Enzymatic activities: Complex II (succinate dehydrogenase), complex III (cytochrome c reductase) and complex IV (cytochrome c oxidase) specific activities were measured spectrophotometrically according to Barrientos et al. [50] on a mitochondrial-enriched fraction prepared as previously described [51]. Thiosemicarbazone mHtcum was added to the cuvette. As control the same volume of DMSO was added.

3.9. Aflatoxin Production Assay

Effect on aflatoxin biosynthesis was assessed by the microplate fluorescence-based procedure described in Degola et al. [46]. Standard flat-bottom 96-well microplates (Sarstedt, Newton, NC, USA) were used. Suspensions of conidia were diluted and brought to the final concentration of 5 × 102 conidia/well; cultures were set in a final volume of 200 µL/well of CCM medium, added of the test molecule at 50 μM. DMSO 0.5% (v/v) was used as the control. The plates were incubated in the dark under stationary conditions for 6 days at 25 °C. Aflatoxin accumulation was monitored directly in the culture medium by fluorescence emission determination using a TECAN SpectraFluor Plus microplate reader (Männedorf, Switzerland; λex = 360 nm; λem = 465 nm; manual gain = 83; lag time = 0 µs; number of flashes = 3; integration time = 200 µs). Samples were inoculated in quadruplicate.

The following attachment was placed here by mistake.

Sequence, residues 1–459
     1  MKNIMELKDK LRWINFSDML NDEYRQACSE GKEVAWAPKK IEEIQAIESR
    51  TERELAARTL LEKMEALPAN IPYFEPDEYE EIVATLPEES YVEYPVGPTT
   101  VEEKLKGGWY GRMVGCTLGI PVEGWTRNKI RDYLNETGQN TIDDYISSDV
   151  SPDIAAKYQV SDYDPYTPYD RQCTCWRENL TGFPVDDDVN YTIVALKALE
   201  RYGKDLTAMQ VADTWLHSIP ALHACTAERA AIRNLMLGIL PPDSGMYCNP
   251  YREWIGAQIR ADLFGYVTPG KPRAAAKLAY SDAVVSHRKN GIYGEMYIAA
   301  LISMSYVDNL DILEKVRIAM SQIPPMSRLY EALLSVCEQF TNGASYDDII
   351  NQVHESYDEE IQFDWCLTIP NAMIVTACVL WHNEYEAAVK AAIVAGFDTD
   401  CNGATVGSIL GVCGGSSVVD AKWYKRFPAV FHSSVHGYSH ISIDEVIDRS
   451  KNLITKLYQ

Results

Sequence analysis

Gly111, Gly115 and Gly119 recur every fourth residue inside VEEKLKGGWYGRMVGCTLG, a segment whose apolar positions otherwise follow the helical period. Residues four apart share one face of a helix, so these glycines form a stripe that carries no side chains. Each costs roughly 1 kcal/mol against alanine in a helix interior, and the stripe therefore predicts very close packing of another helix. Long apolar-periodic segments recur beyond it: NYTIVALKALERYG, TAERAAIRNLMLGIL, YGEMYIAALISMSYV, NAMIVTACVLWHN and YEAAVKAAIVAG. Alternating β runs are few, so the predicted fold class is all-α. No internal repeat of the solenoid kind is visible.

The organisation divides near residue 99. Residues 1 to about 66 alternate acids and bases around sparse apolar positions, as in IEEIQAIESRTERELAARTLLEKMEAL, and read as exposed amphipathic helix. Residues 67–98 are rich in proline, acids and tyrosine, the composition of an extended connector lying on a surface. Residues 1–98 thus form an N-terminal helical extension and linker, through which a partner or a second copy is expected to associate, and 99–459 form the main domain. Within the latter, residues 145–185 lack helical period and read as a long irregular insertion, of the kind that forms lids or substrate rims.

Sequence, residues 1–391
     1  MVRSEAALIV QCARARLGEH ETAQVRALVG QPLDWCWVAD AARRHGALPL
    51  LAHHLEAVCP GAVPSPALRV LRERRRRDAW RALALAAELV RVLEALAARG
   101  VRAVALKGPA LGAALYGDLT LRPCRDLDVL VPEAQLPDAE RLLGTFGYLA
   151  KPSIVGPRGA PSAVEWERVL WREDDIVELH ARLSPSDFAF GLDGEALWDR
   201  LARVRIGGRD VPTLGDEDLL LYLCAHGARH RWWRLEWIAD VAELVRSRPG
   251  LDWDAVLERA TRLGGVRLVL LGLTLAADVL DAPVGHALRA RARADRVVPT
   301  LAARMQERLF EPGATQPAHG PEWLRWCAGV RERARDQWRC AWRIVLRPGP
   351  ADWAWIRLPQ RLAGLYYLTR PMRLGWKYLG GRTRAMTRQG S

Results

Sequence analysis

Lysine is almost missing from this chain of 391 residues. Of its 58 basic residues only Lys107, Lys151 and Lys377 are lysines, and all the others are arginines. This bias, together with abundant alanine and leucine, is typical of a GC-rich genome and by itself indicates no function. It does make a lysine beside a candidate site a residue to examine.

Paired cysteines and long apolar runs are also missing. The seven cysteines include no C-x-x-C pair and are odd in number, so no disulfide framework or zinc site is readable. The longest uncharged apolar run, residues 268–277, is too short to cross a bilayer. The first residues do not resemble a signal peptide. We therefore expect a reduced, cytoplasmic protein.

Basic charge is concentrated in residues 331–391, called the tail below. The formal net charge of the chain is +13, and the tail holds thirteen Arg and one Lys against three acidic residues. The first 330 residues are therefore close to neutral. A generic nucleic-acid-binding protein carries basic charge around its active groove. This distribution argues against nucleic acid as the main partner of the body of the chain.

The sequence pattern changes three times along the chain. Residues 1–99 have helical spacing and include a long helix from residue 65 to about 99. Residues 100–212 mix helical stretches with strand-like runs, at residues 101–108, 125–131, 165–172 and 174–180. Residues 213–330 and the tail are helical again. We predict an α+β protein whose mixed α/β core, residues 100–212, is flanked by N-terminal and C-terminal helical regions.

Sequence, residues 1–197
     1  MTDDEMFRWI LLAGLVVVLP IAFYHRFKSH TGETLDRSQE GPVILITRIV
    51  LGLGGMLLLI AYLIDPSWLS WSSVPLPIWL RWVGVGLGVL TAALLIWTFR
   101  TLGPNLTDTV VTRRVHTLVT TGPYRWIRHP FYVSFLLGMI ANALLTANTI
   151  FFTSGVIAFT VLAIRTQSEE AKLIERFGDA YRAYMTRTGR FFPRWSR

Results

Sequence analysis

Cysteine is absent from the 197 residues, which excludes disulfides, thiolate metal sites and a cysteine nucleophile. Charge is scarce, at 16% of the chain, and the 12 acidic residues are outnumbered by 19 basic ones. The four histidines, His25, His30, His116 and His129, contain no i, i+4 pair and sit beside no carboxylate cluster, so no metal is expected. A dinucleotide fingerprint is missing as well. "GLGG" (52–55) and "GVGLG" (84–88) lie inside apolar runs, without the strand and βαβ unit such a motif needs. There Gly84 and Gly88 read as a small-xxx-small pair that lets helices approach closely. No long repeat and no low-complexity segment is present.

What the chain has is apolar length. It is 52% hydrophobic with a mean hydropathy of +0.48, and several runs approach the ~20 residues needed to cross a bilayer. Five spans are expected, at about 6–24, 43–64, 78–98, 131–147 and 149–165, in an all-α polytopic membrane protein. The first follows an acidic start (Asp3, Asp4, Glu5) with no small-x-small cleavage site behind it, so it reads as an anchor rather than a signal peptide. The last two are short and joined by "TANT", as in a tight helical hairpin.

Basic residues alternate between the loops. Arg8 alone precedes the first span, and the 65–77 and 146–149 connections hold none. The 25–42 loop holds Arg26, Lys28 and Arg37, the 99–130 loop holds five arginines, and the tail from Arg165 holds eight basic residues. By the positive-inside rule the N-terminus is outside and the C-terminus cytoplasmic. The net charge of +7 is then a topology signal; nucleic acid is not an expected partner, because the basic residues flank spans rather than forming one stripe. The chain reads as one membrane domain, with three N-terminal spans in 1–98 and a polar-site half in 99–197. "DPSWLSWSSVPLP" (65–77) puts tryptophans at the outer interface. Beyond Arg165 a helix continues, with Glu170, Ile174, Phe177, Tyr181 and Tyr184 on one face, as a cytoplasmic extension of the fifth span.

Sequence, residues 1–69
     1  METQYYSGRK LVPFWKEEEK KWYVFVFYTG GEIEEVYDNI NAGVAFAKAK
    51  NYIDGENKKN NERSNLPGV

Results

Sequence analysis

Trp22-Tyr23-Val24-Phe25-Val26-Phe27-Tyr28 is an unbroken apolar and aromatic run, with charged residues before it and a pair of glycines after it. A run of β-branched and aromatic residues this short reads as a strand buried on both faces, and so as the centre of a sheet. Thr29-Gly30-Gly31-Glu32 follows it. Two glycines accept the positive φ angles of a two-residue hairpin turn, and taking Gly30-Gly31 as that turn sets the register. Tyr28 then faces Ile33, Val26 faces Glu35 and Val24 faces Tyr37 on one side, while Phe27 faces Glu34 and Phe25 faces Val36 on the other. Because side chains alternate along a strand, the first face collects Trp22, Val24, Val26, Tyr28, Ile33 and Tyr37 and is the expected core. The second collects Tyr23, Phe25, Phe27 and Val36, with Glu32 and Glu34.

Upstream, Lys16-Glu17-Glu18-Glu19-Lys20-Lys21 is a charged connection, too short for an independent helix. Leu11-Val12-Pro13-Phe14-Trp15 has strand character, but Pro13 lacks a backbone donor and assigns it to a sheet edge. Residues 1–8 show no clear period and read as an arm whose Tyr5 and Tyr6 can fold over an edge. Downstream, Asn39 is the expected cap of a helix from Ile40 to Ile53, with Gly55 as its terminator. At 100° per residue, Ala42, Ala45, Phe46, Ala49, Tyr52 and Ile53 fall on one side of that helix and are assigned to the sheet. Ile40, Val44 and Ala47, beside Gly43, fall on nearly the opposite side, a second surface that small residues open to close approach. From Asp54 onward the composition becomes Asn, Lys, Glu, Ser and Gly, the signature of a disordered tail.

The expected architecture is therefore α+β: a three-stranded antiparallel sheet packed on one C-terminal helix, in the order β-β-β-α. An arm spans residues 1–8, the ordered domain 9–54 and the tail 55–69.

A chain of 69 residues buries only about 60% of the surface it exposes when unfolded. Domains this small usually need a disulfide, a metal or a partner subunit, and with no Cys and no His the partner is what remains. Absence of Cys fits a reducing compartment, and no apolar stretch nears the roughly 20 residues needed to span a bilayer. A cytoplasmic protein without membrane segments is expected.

3.10. A. flavus Radial Growth Determination

A. flavus radial growth on a fermentable and a non-fermentable carbon source was performed in YES-agar medium supplemented with 2% glucose (w/v)and 2% ethanol (v/v) respectively, and amended with mHtcum or antimycin A at the concentration of 50 µM. Three single spots (5 µL of a 107 conidia/mL suspension each) of the aflatoxigenic strain were equidistantly inoculated in Petri dishes (9 cm Ø), while plates were reviewed in triplicate and incubated for 4 days at 25 °C, and the mycelium growth was evaluated daily by measuring colonies reverse along two orthogonal diameters. The radial growth rate was expressed as percentage inhibition with respect to the control (±S.D.).